The Brattle’s ‘Nicolas Cage: Greatest American Actor’ series is a great opportunity for audiences to re-assess the wrongly reviled performer, and to see him as what he truly is: a man daring enough to separate acting and realism. His over-the-top performances, so often dismissed as camp, feel more like an actor trying to achieve an unforeseen future of acting – one where emotional honesty and expressionism is key, and reality means nothing. His performances skew abstract and absurdist in a culture where everything, even superheroes, need to be gritty. And never before has Cage been as absurd as in his masterpiece of unrestrained “mega-acting,” VAMPIRE’S KISS.

Most of the films in the Brattle’s series see Cage as filtered through the mind of great auteurs. RAISING ARIZONA sees him reborn in the eyes of the insane Coen Brothers, who split the difference between philosophical inquiry and Looney Tunes lunacy in their character. FACE/OFF sees him playing a classic John Woo bad guy, diving in all directions with two handguns cocked and loaded. WILD AT HEART strands him in a Lynchian nightmare of sex, violence, and Americana. But VAMPIRE’S (which was forever immortalized by its inclusion in the ‘Nicolas Cage Losing His Shit’ viral video) sees Cage let loose in a way he never has before. Swinging madly from accent-to-accent, he allows no boundaries of character or reality to limit the depraved insanity of his performance as Peter Loew, a womanizing yuppie whose misogyny starts to externalize itself in bloodsucking ways. And director Robert Bierman seems delighted with the choice; allowing his mainly static frames to merely sit in awe of Cage’s alien presence.

But the great mistake audiences made is in assuming this is a sub-TROLL 2 work of so-bad-it’s-good camp. But the truth is that this tale of false masculinity and creeping insanity is closer to AGUIRRE, WRATH OF GOD than to MYSTERY SCIENCE THEATER. It follows Cage down the rabbit-hole of self loathing, at first creating a psychological link between his bedtime troubles and a bat-bite, then following that conceit until Cage is slogging through clubs, trying to pick up women with plastic fangs enshrouded in his teeth. It’s a slow descent into madness, and Bierman follows through with a masters dedication: he allows both Cage’s hallucinations and his mental illness to follow through to their most extreme endgames, until he’s wondering around the street begging bystanders to stake him the death (all the while, he imagines that his romantic savior is just around the corner.)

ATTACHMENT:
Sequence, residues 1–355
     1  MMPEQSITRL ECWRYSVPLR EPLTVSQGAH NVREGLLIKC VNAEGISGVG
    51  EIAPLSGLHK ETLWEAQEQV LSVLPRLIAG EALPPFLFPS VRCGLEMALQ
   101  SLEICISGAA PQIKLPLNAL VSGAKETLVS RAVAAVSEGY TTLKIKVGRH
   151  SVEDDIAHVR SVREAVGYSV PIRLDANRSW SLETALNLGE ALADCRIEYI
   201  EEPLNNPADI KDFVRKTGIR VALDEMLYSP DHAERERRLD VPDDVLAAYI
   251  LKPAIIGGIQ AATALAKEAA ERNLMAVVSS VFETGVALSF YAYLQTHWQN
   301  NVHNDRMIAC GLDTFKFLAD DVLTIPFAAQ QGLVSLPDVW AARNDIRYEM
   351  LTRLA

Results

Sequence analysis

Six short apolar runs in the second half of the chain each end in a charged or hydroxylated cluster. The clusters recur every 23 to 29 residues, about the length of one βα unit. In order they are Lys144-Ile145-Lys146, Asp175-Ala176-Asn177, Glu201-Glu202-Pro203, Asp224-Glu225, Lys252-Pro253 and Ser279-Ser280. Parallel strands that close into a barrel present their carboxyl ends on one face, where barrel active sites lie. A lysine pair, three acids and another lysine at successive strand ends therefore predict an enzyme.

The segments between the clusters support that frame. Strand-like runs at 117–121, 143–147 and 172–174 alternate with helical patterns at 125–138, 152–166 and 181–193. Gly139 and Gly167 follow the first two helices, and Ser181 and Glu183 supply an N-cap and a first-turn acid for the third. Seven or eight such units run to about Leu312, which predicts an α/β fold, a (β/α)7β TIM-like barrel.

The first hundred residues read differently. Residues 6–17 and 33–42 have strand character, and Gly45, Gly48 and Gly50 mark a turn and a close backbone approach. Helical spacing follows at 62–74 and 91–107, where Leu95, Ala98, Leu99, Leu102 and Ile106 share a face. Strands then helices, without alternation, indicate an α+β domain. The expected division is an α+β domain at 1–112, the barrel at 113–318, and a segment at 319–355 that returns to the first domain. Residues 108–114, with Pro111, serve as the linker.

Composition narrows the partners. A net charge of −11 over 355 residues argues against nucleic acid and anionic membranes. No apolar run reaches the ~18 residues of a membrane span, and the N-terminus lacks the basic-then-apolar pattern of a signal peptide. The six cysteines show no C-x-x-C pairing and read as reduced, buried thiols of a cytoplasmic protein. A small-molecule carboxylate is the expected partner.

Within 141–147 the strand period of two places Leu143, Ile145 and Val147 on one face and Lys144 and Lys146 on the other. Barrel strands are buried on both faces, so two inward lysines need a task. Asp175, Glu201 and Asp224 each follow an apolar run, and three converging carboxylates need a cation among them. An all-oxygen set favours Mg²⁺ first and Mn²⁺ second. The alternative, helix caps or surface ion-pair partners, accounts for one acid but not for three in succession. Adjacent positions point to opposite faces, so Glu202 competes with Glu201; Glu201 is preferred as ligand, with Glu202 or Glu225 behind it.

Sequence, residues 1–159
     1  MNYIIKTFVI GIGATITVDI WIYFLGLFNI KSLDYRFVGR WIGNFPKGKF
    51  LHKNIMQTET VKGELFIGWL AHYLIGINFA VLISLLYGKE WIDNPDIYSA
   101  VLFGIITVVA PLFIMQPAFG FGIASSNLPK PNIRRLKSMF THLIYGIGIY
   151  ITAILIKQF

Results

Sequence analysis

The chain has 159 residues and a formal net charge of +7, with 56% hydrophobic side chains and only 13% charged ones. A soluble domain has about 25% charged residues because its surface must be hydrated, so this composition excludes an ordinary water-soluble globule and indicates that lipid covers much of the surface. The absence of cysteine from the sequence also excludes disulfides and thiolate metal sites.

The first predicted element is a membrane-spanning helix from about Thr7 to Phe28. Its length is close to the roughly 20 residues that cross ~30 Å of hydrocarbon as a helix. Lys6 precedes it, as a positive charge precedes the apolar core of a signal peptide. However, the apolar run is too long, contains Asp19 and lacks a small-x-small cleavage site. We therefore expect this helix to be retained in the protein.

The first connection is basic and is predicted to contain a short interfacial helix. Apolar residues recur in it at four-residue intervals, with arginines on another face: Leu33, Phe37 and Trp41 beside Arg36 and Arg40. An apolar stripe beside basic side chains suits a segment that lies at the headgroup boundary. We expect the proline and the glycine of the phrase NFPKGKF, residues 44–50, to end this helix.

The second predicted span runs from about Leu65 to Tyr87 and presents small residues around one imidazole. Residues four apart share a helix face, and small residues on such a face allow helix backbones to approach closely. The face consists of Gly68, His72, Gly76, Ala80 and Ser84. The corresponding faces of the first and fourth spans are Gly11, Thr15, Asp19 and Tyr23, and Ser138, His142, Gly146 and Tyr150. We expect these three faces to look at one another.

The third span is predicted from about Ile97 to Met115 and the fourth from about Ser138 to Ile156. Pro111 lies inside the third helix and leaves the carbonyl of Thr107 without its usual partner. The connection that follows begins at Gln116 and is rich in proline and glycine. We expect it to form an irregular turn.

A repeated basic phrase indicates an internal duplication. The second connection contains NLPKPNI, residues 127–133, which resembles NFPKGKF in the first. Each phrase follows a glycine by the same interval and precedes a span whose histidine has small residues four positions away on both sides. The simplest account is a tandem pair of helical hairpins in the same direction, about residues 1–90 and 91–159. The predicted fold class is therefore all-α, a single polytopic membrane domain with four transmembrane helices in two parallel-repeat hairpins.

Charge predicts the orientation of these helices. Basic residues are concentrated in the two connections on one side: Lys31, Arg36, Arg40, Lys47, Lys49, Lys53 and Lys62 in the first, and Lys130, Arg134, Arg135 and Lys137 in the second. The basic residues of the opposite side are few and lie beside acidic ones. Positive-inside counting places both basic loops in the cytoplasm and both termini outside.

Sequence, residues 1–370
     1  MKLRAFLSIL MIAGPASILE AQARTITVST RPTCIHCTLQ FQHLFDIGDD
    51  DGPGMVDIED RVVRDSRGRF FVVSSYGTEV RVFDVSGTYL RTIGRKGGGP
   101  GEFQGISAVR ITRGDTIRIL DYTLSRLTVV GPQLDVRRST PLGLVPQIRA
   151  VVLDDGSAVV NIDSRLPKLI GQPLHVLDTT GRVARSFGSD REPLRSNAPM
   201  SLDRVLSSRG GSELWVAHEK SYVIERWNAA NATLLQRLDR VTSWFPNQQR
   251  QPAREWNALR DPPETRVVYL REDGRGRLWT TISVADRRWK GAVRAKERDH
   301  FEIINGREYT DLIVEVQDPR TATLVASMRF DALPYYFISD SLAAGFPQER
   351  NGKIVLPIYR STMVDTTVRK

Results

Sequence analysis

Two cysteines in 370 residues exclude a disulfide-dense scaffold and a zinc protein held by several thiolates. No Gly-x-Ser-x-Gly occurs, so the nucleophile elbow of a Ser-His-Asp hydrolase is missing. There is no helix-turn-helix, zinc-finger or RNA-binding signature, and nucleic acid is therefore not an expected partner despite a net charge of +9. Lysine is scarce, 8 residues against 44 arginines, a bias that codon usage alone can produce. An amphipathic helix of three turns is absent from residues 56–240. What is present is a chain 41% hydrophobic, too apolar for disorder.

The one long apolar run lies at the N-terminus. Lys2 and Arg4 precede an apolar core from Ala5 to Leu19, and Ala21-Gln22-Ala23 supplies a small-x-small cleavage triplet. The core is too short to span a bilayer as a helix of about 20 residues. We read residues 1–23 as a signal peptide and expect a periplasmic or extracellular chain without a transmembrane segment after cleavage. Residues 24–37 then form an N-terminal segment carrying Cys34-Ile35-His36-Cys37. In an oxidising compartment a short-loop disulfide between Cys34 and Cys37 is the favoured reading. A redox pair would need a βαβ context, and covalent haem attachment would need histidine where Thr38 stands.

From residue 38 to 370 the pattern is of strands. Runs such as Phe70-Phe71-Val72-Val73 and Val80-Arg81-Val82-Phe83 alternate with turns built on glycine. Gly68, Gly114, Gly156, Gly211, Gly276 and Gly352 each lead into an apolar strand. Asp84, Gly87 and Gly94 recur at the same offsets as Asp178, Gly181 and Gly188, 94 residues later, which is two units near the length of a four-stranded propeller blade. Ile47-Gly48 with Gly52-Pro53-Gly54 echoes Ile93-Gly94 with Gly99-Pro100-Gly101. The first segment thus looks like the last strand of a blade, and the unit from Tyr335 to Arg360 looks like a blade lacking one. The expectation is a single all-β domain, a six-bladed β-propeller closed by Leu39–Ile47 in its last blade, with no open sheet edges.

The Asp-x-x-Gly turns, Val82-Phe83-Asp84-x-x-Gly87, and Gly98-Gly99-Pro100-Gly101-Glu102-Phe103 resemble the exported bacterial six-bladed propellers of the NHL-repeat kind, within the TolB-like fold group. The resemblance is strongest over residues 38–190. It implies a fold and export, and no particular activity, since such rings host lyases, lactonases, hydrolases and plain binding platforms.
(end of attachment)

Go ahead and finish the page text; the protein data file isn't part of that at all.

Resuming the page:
Many have compared this film and its themes to AMERICAN PSYCHO, but that film has nothing on Cage’s one-of-a-kind take on the psychologically demolished yuppie character. Yes, he’s awash in false gravitas and retarded sexuality, but the film is about so much more than just the sleaziness of the playboy lifestyle. I’m not being facetious with the AGUIRRE comparison: Bierman’s willingness to watch Cage’s confidence and demeanor slowly unravel itself to the point of self-destruction is downright Herzogian, and Cage’s hunchback limps and pained howls evoke the one of the cinema’s greatest madmen, Klaus Kinski. In fact, I almost wish this had been double featured with BAD LIEUTENANT – VAMPIRE’S KISS feels like a lost hallucinatory comedy Herzog made twenty years prior. – Jake Mulligan

VAMPIRE’S KISS plays tonight, 6/13, at 5:15, 7:30, and 9:45. The Brattle Theatre, 40 Brattle Street, Cambridge MA, 02138.